• Only hand tools should be used when digging close to utilities.
  • Spades and shovels can be used but should not be thrown or spiked into the ground. They should be eased into the ground with gentle foot pressure.
  • Picks should only be used with care to remove lumps of stone etc. Do not use pics in soft clay near utilities.
  • Excavate alongside any cables rather than on top, final exposure of the cable should be with horizontal digging so that the force is controlled more accurately.

Safe digging next to utilities
  • Take extra care when working in close proximity to utilities
  • When using hand held power tools to break up surfaces you should leave at least a 500mm (50cm) safety gap if a detector has not been used. Cables sometimes snake underground rather than sit in a straight line.
  • If a cable detector has been used this safety area may be reduced appropriately
  • To locate the utility under a hard surface like concrete without a detector you should carefully dig under the hard surface before removing it in sections.
  • Where it is not possible to leave a safety margin, other precautions should be taken to prevent damage before excavation is carried out.
 

Using cable location devices

  • Before work begins all cables should be located and marked
  • During excavation detectors should be used every 300mm depth to ensure accuracy.
  • People using the locator devices should have received proper training
  • Location becomes more accurate as cover is removed so locators should be used frequently during the process.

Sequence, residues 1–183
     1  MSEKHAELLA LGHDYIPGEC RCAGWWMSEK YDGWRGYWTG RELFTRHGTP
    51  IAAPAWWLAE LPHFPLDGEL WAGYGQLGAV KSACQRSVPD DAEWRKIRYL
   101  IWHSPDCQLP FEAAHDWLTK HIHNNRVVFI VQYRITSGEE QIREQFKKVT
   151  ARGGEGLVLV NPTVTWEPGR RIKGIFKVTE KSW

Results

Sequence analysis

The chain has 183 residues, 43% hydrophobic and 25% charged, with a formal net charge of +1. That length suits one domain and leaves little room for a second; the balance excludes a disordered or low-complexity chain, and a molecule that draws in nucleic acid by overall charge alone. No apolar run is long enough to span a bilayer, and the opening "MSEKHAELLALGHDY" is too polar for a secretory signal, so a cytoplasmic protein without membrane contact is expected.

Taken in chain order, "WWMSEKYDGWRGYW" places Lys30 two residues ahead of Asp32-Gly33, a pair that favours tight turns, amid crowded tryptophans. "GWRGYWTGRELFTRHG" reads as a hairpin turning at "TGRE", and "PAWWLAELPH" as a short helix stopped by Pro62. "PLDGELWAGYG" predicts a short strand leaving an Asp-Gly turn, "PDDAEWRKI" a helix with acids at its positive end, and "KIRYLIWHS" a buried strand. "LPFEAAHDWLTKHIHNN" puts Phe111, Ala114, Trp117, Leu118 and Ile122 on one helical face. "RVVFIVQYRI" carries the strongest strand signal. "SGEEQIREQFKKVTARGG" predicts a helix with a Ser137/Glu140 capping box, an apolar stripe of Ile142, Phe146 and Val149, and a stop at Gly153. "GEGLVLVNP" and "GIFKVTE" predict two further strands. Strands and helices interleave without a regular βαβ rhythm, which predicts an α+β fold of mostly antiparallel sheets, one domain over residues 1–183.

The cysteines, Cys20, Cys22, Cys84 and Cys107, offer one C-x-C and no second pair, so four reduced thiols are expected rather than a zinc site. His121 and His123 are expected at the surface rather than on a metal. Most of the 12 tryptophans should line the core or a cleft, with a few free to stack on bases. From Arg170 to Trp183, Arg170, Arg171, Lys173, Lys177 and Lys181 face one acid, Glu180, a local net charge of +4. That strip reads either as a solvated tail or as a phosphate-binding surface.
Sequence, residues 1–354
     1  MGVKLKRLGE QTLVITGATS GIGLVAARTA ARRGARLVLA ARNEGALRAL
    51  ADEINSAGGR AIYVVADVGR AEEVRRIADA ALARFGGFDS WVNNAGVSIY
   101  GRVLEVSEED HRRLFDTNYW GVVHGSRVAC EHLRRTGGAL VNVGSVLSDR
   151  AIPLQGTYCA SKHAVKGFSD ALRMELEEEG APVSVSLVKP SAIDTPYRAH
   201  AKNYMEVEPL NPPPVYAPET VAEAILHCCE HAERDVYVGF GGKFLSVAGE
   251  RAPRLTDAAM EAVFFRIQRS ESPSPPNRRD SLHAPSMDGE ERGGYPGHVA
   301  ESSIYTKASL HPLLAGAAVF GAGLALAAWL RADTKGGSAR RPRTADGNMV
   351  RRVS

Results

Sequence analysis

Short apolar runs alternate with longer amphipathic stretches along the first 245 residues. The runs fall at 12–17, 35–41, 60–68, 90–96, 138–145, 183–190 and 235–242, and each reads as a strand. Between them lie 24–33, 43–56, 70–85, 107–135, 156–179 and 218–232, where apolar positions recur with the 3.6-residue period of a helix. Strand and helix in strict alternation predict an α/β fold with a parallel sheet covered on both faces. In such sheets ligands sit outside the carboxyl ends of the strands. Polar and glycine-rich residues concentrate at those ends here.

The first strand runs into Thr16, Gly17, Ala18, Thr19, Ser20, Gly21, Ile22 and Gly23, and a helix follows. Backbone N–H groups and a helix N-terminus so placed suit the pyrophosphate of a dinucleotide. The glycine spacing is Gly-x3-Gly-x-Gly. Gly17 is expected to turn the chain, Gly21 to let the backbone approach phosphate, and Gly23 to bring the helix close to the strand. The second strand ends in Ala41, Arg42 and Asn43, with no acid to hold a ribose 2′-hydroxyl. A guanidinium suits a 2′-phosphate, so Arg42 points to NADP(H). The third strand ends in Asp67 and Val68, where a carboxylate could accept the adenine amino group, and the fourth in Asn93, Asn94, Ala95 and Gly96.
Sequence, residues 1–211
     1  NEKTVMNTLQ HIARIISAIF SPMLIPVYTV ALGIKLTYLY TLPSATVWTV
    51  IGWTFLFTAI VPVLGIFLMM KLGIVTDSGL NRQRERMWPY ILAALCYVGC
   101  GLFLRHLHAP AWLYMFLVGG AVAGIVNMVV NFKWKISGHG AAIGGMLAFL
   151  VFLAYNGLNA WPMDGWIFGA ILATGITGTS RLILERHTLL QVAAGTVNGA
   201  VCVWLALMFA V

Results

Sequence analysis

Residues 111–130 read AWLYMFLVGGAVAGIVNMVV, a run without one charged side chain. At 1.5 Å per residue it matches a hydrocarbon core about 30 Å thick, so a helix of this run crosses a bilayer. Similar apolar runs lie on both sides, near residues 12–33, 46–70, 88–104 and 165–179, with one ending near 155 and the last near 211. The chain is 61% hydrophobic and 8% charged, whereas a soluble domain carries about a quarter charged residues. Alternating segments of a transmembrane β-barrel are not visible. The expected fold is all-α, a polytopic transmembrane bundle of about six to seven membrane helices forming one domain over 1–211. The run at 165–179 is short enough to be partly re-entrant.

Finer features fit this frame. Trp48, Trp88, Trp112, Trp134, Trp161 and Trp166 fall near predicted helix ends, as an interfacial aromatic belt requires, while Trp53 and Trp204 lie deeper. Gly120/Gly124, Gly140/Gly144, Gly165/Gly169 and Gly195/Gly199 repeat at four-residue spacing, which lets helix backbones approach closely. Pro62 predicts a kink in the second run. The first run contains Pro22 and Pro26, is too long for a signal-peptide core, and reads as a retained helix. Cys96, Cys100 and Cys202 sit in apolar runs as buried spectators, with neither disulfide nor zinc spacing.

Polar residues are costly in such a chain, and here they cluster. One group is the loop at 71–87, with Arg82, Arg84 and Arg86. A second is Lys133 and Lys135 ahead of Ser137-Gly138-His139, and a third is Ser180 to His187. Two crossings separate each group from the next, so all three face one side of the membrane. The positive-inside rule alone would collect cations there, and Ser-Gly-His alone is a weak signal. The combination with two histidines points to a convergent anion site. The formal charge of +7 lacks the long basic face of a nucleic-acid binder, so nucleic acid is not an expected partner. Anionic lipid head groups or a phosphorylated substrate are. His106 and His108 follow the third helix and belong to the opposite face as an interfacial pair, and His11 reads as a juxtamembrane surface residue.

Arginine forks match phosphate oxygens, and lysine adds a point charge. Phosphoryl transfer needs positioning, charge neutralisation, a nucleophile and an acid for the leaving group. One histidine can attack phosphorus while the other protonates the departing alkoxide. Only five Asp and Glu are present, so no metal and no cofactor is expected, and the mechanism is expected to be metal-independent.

When risk of damage cannot be avoided

Where the risk of damage cannot be avoided the cable should be deadened by the owner/ provided for the appropriate amount of time.

 

 

What to do if you hit something?

Gas, if there is a gas leak or suspected gas leak:

  • Get away from the area, and tell everyone to evacuate
  • Evacuate nearby buildings and clear nearby areas in case of explosion
  • Call the emergency services

Electricity, if a cable is cut or damaged in any way:

  • If you are driving an excavator do not get out. You are more likely to get electrocuted outside the vehicle
  • Do not attempt to fix it
  • Get everyone to a safe distance
  • Call the local electrical damage line

Other utilities

  • Get to a safe distance
  • Mark off the area to prevent further damage
  • Inform the relevant authorities of the damage

 

Other important points

Don’t allow others to dig on our site without locating utilities or being briefed on where the no-dig zones are. If it’s our site and they hit something we may be liable.

This is only a general overview of the risks and how to manage them. If there is something out of the ordinary, ask your manager or request information from the office on how to proceed.

Test questions

You need to get then all correct to pass